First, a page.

Dachuan takes a pile of new books to the classroom. As he is descending the stairs he drops all his books. In response, someone comes to help. Dachuan expresses his thanks and asks for his name.
xiè xie qǐng wèn nín guì xìng
谢 谢！ 请 问 您 贵 姓？
Thanks. What's your name please?
bú yòng xiè miǎn guì xìng zhāng
不 用 谢！ 免 贵 姓 张。
jiào wǒ zhāng lǎo shī jiù kě yǐ le
叫 我 张 老 师 就 可 以 了。
That's all right. My surname is Zhang. You can call me Mr. Zhang.
nǐ hǎo wǒ jiào gāo qiáng nǐ jiào shén me míng zi
你 好！ 我 叫 高 强， 你 叫 什 么 名 字？
Hello. My name is Gao Qiang. What's your name?
nǐ hǎo wǒ jiào dà chuān hěn gāo xìng rèn shi nǐ
你 好！ 我 叫 大 川。 很 高 兴 认 识 你。
Hello. My name is Dachuan. Nice to meet you.
hěn gāo xìng rèn shi nǐ
很 高 兴 认 识 你。
Nice to meet you.
Explanations of difficult points
"谢"(xiè) is usually said twice "谢谢"(xiè xie) or "谢谢你"(xiè xie nǐ), meaning "thank you". The reply usually is, "不客气！"(bú kè qi), "不用谢！"(bú yòng xiè), "不谢！"(bú xiè) and so on.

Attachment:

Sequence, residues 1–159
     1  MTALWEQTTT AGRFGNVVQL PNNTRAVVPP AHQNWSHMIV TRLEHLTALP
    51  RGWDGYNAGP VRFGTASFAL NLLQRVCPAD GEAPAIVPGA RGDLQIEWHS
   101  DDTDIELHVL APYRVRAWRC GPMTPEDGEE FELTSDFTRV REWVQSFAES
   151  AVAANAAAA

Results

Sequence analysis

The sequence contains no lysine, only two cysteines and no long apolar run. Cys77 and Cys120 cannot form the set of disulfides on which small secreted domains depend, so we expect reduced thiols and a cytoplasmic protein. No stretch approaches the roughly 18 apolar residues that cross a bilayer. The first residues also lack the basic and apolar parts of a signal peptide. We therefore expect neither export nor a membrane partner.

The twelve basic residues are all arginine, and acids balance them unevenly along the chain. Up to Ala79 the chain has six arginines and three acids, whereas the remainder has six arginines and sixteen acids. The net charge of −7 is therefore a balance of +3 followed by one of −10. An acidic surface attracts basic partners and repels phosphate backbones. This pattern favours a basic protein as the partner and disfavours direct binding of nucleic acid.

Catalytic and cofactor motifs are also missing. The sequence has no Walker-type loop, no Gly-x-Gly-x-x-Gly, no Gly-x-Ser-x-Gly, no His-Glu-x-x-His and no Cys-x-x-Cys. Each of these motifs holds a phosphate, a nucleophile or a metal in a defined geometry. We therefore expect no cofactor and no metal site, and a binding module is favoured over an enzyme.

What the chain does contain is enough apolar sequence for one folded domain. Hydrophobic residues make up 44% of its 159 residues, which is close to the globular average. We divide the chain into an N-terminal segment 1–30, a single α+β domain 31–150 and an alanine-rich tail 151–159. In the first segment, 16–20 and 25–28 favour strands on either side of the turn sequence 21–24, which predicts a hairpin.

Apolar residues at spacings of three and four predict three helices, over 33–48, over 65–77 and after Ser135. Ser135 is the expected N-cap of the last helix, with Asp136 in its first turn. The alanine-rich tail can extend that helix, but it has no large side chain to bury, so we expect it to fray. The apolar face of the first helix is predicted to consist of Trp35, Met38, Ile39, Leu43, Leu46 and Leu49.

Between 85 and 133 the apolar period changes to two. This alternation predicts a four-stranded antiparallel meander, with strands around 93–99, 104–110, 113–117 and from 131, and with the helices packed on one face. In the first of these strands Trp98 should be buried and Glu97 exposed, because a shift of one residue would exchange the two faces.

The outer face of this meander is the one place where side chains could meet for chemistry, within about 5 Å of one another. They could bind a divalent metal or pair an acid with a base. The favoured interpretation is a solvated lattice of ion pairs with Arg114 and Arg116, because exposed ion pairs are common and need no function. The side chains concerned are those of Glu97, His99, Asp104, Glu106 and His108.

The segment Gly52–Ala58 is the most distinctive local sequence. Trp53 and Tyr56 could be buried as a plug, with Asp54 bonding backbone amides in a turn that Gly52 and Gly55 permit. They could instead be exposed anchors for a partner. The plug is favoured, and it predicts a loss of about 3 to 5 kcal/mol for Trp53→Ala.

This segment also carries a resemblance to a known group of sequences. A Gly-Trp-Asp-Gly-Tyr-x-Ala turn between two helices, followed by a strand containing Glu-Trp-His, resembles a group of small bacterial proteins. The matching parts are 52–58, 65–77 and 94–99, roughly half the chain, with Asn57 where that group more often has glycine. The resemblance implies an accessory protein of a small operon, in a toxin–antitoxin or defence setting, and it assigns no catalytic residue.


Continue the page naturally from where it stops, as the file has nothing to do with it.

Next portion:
"贵姓"(guì xìng) literally means "valuable surname". The term is a respectful way of addressing someone for the first time by saying his/her last name. When "姓" is used indepently, meaning "to be named (surname)". When the elderly people see younger people, or young people are meeting each other, then "你叫什么名字?"(nǐ jiào shén me míng zi) can be used.
"免"(miǎn) itself means "no need for/free of". So "免贵姓……"(miǎn guì xìng) means that there is no need to be too polite by saying "贵姓"(guì xìng). It's a polite way to answer "您贵姓?"(nín guì xìng) Or you can say "我姓……"(wǒ xìng).
"什么"(shén me) means "what" and can be used as a question word. The sentence form is very simple. When putting a question, you can just replace the question word with what you want to ask. The word order is the same as a declarative sentence. For example: "我叫高强"(wǒ jiào gāo qiáng, declarative sentence) → "你叫什么名字?"(nǐ jiào shén me míng zi, interrogative sentence)
"请问"(qǐng wèn) means "excuse me, I want to ask you something." It is more polite to say "请问" before asking others a question.
Here "就可以了"(jiù kě yǐ le) means "it's okay/alright". "就"(jiù) means "it is..." and is used to intensify the certainty of the statement. One meaning of "可以"(kě yǐ) is "okay". "了"(le) is used at the end of a statement to intensify a mood of certainty.